Associations of direct pesticide application defined broadly and specifically, well-water consumption, and farming residences and occupations with PD were evaluated in 319 cases from 308 families and 296 relative and other controls. Of the controls, 252 were relative controls from the 308 families with at least one case, and these relative controls included 237 siblings, 10 parents or children, and 5 cousin or avuncular relatives (uncles/aunts/nephews/nieces). The remaining 44 controls were ascertained as spouse or other unrelated controls or as relative controls in families with no environmental risk factor data available on the case(s). Overall, males represented 67.7% of cases and 43.2% of controls. AAE of cases ranged from 29 to 94 years with a mean of 65.6 ± 10.1 years. AAE of controls ranged from 24 to 95 years with a mean of 63.8 ± 12.0 years. Cases were thus more likely to be male (p < 0.0001) and older at examination (p = 0.0013) when compared to controls. Given these significant differences, sex and AAE were included as confounders in all models. Also, cases reported onset ages ranging from 16 to 85 years with a mean of 57.6 ± 11.5 years and a mean disease duration of 8.0 ± 6.0 years. Only 39 of the 319 cases (12%) reported having symptoms of PD for two years or less.
Direct pesticide application
Results from models examining associations of childhood and adulthood direct pesticide application with PD, while adjusting for sex, AAE, smoking, and caffeine in the overall data are presented in Table . Individuals with PD were 1.61 times as likely to report ever being exposed to pesticides through direct application as their unaffected relatives. Use of protective gear during application did not alter the significant association between history of direct pesticide application and PD (data not shown). The highest exposure categories of frequency, duration, and cumulative exposure and the lowest duration category were also positively associated with PD, and increasing frequency, duration, and cumulative exposure were associated with PD in a dose-dependent manner. These patterns were unchanged when examining adulthood applications only (data not shown).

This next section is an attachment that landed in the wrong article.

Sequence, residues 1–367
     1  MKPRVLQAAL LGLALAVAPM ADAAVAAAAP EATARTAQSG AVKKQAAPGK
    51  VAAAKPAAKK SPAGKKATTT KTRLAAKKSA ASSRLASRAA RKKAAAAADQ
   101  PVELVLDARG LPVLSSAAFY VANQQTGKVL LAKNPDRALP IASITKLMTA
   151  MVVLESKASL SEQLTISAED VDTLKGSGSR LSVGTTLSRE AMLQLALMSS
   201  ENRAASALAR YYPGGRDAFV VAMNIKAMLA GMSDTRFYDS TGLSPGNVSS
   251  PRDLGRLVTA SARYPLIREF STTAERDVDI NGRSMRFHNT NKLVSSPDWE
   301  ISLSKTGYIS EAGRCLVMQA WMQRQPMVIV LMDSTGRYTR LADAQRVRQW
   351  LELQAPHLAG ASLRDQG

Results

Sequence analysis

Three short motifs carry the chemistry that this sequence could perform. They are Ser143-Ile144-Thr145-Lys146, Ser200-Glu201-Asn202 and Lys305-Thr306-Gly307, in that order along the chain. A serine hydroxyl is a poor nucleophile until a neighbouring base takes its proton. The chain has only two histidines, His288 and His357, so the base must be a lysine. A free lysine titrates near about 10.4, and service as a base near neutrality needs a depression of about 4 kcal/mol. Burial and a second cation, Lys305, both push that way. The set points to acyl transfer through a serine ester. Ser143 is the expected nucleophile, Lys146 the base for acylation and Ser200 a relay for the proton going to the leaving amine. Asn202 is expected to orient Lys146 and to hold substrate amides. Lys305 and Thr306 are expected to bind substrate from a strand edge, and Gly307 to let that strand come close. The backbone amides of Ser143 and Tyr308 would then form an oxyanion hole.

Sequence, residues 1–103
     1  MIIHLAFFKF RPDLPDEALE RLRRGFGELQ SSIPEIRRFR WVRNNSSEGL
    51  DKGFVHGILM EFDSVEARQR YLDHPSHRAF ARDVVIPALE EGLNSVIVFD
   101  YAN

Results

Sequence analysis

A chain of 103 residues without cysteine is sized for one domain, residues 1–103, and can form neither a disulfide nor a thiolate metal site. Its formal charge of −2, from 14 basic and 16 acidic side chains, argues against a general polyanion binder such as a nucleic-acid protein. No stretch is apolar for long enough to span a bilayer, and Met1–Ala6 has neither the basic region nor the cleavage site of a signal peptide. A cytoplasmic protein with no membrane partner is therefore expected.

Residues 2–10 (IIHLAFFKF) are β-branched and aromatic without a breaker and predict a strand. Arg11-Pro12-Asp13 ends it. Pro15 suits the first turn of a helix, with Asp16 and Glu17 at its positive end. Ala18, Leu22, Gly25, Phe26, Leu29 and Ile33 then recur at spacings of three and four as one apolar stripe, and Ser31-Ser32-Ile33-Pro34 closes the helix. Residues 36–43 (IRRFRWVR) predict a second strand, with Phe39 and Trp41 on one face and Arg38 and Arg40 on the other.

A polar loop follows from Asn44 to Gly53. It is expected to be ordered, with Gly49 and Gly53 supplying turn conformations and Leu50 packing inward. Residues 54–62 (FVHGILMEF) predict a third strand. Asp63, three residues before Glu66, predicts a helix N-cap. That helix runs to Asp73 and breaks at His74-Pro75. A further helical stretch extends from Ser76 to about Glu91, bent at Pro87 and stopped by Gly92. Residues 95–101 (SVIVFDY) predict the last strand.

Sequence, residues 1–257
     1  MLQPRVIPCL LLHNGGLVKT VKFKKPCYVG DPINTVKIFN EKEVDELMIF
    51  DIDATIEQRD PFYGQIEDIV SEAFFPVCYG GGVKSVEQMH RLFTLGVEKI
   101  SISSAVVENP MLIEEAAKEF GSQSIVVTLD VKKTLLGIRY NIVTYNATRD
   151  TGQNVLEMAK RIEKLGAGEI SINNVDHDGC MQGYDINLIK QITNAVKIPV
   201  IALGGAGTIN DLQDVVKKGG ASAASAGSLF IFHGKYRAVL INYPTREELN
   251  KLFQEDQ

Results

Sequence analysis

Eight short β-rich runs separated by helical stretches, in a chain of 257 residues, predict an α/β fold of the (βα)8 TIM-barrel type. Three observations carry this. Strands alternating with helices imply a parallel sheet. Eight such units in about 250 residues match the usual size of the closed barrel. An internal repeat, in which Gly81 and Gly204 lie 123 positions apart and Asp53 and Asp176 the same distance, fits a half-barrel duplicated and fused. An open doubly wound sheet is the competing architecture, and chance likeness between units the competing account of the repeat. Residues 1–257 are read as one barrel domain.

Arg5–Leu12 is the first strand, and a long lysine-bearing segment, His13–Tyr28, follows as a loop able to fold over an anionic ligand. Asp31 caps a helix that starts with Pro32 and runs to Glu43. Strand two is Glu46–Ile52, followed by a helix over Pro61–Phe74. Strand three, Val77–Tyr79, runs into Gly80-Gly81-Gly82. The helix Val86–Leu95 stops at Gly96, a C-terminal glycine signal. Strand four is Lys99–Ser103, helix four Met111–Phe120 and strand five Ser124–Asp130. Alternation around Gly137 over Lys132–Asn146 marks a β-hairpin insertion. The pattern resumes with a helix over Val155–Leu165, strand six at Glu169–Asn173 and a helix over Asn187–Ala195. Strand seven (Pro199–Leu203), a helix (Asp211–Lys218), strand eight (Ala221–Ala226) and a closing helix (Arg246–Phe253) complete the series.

Associations of childhood and adulthood direct pesticide application with PD.
Associations of childhood and adulthood direct pesticide application were also examined in males and females, separately. Significant associations between direct pesticide application and PD were present in both males and females, despite a smaller stratum size and lower application levels for females. A significant positive association between the highest frequency category and PD appeared in both sexes (OR = 2.15; 95% CI: 1.06, 4.35 for males and OR = 2.43; 95% CI: 1.18, 5.01 for females), and a dose-response trend existed in females (p = 0.0058). In males, PD was significantly associated with the highest duration (OR = 2.70; 95% CI: 1.35, 5.40) and cumulative exposure (OR = 2.34; 95% CI: 1.14, 4.79) categories, and significant dose-response trends were detected (p = 0.021 for duration and p = 0.036 for cumulative exposure). In females, PD was significantly associated with the lowest duration category (OR = 2.47; 95% CI: 1.12, 5.44).
Data were then stratified by family history to determine if the associations of childhood and adulthood direct pesticide application differed in individuals with and without a family history of PD. These results are shown in Tables and . In the negative family history stratum, all patterns of association resemble those in the overall data (Table ) with all measures of association being stronger. Ever being exposed, being exposed at the highest exposure categories of frequency, duration, and cumulative exposure, and being exposed at the lowest duration category were all significantly associated with PD. In fact, individuals with PD and no family history were over three times as likely to report being exposed at the highest cumulative exposure level as their unaffected relatives. Increasing frequency, duration, and cumulative exposure were all associated with PD in a dose-response pattern. In contrast, there were no significant associations with PD or significant trends in OR estimates in the positive family history stratum. This stratum, however, represented a smaller portion of the overall data with lower power to detect these size effects (OR < 3) when compared to the negative family history stratum.
Associations of childhood and adulthood direct pesticide application with PD in negative history families.
Associations of childhood and adulthood direct pesticide application with PD in positive history families.
Direct pesticide application of specific functional types and chemical classes